‘There’s a paper about the wartime Special Operations Executive, written by MRD Foot, in which he claims that the USSR was backing both republicans and loyalists in NI.’

Dr X

Yes and MRD Foots contacts with British intels ‘cousins and the FBI across the pond were certain Marilyn Monroe was ‘positively and concisely leftist’ and probably a closet communist.

Foot was given the lucrative task of writing the history of SOE because the security services and their political ‘masters’ [LOL]were certain he was fully house trained.

If SOE were backing republicans, does he say why?

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10. Dr. X - January 1, 2013

Here´s Foot´s penultimate paragraph

There was once a caique captain who was caught by the Royal
Navy smuggling sten guns (still in the cases in which SOE had dropped them) into Cyprus. He remained silent throughout his trial,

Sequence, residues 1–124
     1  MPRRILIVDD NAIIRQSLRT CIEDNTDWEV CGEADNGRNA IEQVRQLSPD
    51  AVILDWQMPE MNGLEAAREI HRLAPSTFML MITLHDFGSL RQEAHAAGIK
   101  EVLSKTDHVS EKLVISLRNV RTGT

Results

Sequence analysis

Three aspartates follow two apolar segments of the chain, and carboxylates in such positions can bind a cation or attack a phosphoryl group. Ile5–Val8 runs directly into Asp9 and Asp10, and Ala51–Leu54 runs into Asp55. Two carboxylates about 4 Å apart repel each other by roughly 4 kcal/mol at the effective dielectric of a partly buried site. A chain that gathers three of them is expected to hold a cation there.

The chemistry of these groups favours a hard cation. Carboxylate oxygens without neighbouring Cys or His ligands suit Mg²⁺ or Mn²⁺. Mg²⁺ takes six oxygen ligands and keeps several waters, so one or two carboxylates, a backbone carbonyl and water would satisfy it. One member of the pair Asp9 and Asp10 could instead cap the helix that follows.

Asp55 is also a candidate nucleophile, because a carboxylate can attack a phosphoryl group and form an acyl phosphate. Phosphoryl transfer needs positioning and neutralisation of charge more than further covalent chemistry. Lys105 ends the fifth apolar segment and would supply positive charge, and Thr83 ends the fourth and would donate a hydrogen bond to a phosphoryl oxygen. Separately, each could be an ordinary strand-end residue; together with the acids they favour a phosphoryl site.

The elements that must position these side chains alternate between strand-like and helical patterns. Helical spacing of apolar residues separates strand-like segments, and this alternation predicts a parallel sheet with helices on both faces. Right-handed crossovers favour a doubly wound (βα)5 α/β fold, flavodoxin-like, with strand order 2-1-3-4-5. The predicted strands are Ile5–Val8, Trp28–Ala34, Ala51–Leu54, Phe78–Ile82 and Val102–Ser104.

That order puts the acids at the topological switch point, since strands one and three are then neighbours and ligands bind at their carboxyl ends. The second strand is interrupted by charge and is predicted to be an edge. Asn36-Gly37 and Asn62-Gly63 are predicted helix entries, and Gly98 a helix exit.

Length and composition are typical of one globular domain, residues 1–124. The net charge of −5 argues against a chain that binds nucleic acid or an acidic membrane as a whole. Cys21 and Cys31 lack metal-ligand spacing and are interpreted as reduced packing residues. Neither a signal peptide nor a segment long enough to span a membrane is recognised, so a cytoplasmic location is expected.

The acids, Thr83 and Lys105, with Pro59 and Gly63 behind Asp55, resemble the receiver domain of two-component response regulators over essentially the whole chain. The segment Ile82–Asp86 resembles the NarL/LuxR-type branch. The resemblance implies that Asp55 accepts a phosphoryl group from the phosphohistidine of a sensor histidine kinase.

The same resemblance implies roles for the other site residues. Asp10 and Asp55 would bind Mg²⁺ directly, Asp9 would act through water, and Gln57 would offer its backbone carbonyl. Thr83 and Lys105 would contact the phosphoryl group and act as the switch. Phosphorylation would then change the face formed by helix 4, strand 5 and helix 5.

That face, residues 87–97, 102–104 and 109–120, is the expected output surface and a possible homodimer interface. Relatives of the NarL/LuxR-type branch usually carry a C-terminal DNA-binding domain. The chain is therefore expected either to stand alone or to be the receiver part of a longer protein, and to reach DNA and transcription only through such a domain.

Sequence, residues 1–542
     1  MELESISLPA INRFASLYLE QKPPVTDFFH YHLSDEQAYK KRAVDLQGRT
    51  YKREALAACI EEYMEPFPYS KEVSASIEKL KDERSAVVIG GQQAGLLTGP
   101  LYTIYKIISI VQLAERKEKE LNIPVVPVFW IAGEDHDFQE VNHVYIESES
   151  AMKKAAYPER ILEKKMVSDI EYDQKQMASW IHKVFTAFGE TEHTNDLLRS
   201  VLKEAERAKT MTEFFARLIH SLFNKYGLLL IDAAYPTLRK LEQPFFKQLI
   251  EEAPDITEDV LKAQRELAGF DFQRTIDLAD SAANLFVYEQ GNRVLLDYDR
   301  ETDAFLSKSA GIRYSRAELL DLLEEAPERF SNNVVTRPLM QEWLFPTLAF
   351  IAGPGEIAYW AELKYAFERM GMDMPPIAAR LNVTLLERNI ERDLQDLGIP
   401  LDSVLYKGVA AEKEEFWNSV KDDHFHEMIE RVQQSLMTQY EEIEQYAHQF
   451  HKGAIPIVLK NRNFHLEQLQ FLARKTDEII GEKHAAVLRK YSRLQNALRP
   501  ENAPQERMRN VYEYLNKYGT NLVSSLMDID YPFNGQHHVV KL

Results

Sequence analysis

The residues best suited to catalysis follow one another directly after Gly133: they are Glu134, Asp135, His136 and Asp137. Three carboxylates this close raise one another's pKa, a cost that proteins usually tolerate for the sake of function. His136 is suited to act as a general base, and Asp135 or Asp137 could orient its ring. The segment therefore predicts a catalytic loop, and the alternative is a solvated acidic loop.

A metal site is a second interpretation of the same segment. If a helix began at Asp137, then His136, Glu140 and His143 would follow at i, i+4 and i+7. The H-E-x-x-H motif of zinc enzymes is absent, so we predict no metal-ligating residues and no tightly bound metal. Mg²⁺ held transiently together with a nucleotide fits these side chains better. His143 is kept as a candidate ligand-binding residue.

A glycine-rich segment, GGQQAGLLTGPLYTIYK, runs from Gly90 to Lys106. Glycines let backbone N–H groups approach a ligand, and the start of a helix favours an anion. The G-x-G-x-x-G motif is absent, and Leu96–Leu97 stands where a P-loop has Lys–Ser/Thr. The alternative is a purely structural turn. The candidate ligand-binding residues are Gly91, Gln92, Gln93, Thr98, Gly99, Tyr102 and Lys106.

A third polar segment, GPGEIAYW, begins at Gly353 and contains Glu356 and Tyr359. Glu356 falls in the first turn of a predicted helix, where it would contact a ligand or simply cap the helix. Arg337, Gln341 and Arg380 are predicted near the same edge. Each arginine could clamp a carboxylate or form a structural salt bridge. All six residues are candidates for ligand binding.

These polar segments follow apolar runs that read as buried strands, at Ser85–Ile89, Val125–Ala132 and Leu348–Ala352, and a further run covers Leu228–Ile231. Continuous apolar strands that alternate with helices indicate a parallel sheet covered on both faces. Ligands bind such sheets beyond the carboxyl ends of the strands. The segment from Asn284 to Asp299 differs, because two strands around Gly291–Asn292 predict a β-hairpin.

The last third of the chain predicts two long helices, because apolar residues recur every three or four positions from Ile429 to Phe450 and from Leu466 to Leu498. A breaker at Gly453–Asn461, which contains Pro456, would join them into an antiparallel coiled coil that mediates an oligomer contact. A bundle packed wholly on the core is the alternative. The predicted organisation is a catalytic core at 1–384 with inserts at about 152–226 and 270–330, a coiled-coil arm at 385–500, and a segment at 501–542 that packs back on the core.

was found guilty, and was asked if he wished to say anything in his
own defence before he was sentenced. Silently he handed up to the
judge a king’s commendation for brave conduct, signed not by
George II of the Hellenes but by George VI. So SOE must admit a
share in the blame for subsequent troubles, but surely not a large
share. Others deserve more: television for example, hardly as
worked in the west a medium to discourage the display of violence;
the KGB, ever active at the task of keeping the pot of unrest against capitalism simmering (the Russians are supplying arms to both sides in Northern Ireland, just in case that pot cools down too far); the innate disposition in mankind to make difficulties and to